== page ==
Yam or ham?

by Terry Oliver on September 1, 2012

The politics of food is getting increasing  publicity this  last year, what with droughts, crop failures and food shortages and it finally hit home with me while on holiday and visiting friends in the Gulf  Islands.  One of them showed us a documentary film entitled, appropriately enough,  EATING.

It brought together for me, a potent cocktail of reasons to change my eating habits and as a result to change my way of life. The main point it was making was that eating a plant-based diet and not eating animals or animal products like eggs, milk, cheese, yoghurt, etc had all sorts of ramifications, political, environmental, social and health ones.

There is nothing new about vegetarianism, of course and most of us have heard of vegans – just different levels of cranks and flakes, right? But when you add in the manipulation of giant agribusiness, political corruption by chemical and pharmaceutical corporations, social epidemics like obesity and diabetes, environmental devastation of rainforests for beef and oceans polluted with plastic and plundered of remaining fish and finally of deteriorating levels of health in western developed countries from heart disease, strokes and cancer; –  can they really all be traced back to our western animal-based as opposed to plant-based eating habits?

The film documentary EATING says yes and makes a powerful case for switching to a plant-based diet for all of the above reasons. It systematically demolishes all the arguments and PR propaganda put forward by all the vested interests from agribusiness to Monsanto and big pharma. The dairy, poultry and beef industries with their powerful lobby interests are now mostly controlled by a handful of huge corporations that the average person is not even aware of, as they hide their monopoly control from the public behind an array of different brand names to conceal their identity.

The film makers back up their claims for switching to a plant-based diet by citing impeccable authorities and experts and statistics, which are hard to dismiss.  For me and the people I’ve spoken to so far, who have seen EATING, the arguments are powerful and convincing.  Convincing enough to change my diet and try to avoid eating animals and fish and switch to plants instead. I’m reminded of George Bernard Shaw’s comment, as a life-long vegetarian, to the famed actress Ellen Terry, that she would be an even greater actor if only she would give up eating dead cows.

Everybody has their own reasons for eating what they do.  My reasons are a mix of a lot of the above arguments combined with my own awareness of my deteriorating mental and physical health. Part of this can be written off as simply the aging process – but not all of it. Both my partner and I feel that we are going downhill faster than we care to and want to do something to, if not arrest, to at least slow down the process.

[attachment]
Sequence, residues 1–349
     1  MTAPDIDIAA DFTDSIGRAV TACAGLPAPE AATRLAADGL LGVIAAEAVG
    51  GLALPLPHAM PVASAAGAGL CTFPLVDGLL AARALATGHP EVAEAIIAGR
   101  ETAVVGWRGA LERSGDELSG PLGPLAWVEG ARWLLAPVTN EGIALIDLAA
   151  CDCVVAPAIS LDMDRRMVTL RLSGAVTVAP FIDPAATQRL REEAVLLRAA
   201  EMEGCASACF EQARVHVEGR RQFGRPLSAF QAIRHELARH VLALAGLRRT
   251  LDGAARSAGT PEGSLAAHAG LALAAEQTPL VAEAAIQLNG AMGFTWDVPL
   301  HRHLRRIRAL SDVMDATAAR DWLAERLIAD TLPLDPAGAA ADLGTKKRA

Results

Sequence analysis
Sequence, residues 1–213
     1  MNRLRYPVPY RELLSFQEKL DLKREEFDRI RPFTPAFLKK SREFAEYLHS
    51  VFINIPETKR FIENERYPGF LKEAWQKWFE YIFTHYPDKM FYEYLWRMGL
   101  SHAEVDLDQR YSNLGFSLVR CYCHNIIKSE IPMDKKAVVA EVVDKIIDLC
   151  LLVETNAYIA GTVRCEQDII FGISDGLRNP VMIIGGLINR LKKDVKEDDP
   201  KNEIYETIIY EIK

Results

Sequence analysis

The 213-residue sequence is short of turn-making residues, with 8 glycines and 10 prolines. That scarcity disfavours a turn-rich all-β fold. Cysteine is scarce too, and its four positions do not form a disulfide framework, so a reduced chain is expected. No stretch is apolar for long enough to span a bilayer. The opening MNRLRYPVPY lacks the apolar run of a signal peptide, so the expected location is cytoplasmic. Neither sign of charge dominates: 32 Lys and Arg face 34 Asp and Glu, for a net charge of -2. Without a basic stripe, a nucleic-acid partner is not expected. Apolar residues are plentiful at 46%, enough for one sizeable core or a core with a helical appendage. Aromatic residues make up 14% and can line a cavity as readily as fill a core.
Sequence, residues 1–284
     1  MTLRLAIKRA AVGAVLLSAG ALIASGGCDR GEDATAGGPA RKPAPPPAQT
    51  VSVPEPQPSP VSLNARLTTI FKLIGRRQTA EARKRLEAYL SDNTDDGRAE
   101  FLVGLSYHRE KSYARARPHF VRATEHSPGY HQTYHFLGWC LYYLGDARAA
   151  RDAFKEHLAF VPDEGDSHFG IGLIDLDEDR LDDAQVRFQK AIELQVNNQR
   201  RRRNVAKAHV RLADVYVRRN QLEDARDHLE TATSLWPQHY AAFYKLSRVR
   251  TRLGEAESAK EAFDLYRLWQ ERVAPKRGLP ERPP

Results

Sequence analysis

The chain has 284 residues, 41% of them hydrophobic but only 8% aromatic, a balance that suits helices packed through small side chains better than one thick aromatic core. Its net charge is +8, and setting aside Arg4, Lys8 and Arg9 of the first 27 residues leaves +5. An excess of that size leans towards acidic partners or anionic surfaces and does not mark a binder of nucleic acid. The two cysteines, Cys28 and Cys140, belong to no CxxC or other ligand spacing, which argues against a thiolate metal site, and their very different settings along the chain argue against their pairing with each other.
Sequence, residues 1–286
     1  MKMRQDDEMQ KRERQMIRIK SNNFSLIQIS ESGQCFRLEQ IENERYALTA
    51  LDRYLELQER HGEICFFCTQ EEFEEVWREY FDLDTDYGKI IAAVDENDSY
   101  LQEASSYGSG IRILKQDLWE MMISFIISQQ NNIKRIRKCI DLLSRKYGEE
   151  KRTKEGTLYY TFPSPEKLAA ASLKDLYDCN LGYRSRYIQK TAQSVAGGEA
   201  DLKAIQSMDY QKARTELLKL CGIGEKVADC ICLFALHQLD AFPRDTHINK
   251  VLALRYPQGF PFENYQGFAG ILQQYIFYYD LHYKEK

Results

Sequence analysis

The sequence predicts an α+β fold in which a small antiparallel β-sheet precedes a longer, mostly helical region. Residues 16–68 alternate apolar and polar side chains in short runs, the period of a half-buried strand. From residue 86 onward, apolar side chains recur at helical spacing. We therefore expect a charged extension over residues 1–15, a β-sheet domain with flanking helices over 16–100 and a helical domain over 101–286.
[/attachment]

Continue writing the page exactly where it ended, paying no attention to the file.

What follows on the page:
Accordingly we have agreed to try an experiment in plant-based eating. We have cleaned out our fridges of any traces of animal products so we won’t be tempted to backslide and replaced them with only fresh, organic vegetables and veggie-based substitutes. Fortunately at this time of the annual harvest, it is no hardship to eat fresh, crisp salads,  succulent sweet corn and juicy plump fruit from local farms and farmers’ markets.

And we can make the  transition easier by using substitutes like veggie burgers, soya or rice milk, soya ice cream and even ‘fakey bacon’ as my daughter called it when she became vegetarian years ago.  And a daughter-in-law has given us the newest vegetarian/vegan cookery book ‘pour encourager les autres‘, as the French say.

And speaking of the French, we are developing a strategy for eating out – in restaurants and at, or with friends. In restaurants we will veer towards Asian and away from Western or European ones, boycott all fast food outlets, bar none and learn to drink our tea and coffee black. With friends, we will follow our parents’ admonition and eat what is put in front of us without comment to avoid becoming irritating, holier-than-thou guests, preaching to the unconverted. Instead we’ll pretend we’re indulging in sinful delights.

But in the privacy of our own homes we will practice our new eating habits and become closet vegetarians, cooking exotic Indian and Asian curries, Moroccan and African spicy veggie stews and Mexican chilis and bean tacos.

And we will watch each other out of the corners of our eyes, to see if we notice any change for the better, both mentally and physically. We will also watch the film documentary EATING from time to time, just to remind ourselves why we are making this experiment.

But it is Saturday morning and now I must go to the local Farmers’ Market before all the best sweet corn is gone. They’re getting awfully crowded these days. I wonder why?

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